Ironically, a few days prior to this incident, I visited Jaffna to take part in the last rites for Fr Nicholapillai Maria Saveri who had headed the Centre for Performing Arts, in Jaffna, for over four decades.  Under Fr Saveri’s leadership the centre produced an entire generation of artistes who reached out across all barriers of ethnicity and religion and touched the lives of people everywhere.  Through his artistic and cultural productions, Fr Saveri tried to show the interdependence of those who live in the country and need to share it bringing to the fore their different talents, connections and capacities.   He sought to turn the diversity and pluralism in the country away from being a source of conflict into one of strength and mutual enrichment. 

The normalcy I saw in Jaffna, during the short period I was there, made me feel that the ethnic conflict was a thing of the past.  At the hotel I stayed I saw young people come and enjoy a drink at the bar and talking with each other with animation and laughter as young people do.  When I went to the District Secretariat, I was struck by the fact that they played the national anthem at sharp 8.30 am and all work stopped while the anthem played all three verses in the Tamil language and all stood to attention, even inside their rooms.  The Lessons Learnt and Reconciliation Commission (LLRC) appointed by President Mahinda Rajapaksa, in 2011, had recommended that the national anthem be sung in both languages and I was happy to see that in Jaffna this was being implemented a decade later.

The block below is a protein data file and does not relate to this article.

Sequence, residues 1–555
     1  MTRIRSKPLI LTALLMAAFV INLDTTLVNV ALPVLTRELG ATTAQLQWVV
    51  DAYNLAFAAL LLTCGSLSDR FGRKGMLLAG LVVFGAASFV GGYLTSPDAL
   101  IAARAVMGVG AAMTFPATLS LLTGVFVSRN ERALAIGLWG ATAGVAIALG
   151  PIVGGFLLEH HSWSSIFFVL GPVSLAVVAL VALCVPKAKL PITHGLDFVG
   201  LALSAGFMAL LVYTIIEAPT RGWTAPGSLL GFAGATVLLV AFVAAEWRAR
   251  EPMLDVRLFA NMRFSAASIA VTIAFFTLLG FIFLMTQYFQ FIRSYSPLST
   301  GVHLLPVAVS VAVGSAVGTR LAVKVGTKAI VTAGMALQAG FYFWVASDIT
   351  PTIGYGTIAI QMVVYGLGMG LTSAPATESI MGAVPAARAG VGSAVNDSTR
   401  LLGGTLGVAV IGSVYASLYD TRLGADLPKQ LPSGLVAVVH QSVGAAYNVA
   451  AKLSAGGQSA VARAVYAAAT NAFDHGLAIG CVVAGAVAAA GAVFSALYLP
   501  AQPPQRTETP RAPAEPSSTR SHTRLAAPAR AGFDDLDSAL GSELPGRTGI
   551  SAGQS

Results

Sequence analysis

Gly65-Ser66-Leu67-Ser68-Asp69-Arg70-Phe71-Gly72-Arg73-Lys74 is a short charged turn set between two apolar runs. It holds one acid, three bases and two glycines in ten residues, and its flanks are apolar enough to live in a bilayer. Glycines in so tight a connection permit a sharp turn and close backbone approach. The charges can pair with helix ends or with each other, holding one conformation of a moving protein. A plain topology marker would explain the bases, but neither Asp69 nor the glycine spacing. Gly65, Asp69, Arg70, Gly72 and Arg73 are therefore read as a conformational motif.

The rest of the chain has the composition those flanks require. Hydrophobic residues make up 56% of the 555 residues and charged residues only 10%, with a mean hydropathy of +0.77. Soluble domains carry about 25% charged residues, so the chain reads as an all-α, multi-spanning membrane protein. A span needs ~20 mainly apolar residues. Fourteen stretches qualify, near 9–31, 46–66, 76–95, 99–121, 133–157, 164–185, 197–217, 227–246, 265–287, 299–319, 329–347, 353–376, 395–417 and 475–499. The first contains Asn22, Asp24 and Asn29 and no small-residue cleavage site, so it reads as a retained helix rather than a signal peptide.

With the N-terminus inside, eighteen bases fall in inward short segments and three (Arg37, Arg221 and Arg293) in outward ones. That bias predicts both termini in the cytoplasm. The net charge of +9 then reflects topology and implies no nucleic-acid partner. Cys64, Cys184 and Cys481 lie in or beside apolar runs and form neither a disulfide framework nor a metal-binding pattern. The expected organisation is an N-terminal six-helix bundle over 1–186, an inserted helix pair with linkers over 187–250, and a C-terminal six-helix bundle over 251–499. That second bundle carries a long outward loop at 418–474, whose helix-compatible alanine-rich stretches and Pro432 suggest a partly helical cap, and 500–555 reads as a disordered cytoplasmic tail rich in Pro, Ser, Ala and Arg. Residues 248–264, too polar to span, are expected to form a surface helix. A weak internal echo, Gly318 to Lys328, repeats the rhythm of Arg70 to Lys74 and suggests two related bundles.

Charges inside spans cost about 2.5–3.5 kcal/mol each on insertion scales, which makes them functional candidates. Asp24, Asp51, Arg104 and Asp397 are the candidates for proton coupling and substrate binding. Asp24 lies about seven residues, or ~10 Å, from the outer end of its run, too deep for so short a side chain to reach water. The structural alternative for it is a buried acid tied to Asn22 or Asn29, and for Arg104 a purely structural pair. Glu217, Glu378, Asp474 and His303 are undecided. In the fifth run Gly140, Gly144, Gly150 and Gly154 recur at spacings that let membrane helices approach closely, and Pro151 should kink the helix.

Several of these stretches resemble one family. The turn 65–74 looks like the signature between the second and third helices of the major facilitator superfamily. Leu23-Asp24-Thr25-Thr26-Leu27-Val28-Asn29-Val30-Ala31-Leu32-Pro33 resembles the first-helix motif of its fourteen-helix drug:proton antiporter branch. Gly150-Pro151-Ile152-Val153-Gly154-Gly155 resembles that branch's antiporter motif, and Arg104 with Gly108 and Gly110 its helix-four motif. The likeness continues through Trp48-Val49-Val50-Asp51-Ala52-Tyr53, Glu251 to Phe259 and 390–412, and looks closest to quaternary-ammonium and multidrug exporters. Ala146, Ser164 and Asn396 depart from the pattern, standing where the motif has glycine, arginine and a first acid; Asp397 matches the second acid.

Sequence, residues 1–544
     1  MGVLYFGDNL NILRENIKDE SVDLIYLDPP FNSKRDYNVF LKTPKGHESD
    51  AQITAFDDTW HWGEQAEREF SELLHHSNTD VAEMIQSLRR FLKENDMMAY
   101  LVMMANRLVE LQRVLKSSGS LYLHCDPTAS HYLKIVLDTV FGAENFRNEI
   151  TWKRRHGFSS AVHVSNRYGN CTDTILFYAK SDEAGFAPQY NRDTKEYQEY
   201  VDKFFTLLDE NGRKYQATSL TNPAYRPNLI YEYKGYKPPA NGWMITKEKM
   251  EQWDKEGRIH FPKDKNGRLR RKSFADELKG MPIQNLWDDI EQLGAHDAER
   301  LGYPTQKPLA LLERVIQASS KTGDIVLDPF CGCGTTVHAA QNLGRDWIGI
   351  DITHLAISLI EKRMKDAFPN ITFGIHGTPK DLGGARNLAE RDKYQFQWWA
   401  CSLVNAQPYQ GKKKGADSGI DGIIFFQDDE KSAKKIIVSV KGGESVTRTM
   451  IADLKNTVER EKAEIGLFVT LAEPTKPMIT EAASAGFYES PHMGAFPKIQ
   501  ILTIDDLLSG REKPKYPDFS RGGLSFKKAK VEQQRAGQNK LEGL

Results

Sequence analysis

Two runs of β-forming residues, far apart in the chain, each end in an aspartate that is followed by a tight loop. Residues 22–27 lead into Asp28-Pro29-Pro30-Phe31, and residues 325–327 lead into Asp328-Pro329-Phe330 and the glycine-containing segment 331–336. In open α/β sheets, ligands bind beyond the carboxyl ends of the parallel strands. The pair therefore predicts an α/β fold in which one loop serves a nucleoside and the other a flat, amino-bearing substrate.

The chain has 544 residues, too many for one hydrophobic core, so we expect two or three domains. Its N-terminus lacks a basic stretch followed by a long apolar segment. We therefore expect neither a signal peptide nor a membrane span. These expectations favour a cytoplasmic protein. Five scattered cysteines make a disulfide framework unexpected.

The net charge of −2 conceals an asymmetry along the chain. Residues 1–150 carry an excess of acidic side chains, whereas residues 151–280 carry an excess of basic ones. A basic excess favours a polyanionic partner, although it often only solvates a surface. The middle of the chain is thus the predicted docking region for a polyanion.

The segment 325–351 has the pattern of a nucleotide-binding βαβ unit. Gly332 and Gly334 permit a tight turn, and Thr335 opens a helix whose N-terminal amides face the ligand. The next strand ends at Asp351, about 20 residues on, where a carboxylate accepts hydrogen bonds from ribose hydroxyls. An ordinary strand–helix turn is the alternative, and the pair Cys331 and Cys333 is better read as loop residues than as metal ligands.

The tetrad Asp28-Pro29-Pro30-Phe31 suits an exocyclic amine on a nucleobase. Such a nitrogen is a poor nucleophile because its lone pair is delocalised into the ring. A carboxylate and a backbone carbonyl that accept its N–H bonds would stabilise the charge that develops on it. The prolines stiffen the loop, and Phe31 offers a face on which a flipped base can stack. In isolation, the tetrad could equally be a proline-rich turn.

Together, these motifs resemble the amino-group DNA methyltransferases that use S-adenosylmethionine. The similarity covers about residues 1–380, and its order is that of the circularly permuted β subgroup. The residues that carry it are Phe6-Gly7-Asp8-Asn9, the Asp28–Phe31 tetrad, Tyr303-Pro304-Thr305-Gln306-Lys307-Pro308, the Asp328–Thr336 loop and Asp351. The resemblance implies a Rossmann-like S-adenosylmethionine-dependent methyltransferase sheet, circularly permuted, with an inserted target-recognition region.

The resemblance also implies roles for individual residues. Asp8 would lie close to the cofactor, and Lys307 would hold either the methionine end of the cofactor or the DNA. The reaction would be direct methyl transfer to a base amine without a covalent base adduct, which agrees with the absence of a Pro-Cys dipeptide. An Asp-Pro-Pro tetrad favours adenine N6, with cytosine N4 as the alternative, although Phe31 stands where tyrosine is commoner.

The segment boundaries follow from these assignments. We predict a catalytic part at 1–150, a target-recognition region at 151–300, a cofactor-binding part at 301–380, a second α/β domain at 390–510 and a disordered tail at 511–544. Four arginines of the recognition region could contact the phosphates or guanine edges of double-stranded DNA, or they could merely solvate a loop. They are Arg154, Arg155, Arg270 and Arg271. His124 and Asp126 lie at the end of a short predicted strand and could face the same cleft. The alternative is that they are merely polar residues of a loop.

At the funeral service for Fr Saveri I met many people and none of them spoke of war and conflict but like people in other parts of the country they spoke of the economy and cost of living.  An administrator from the University of Jaffna spoke about his satisfaction at the large number of Sinhala students at the University and the mixing that was taking place as a result, between the communities.  He said that as the University did not have adequate hostel facilities many of the students from outside of Jaffna, including the Sinhala students, lived with local families.  He said that during the recent graduation ceremony, hundreds of their family members came from the southern parts of the country and joined their children in their places of accommodation which contributed to the inter community mixing.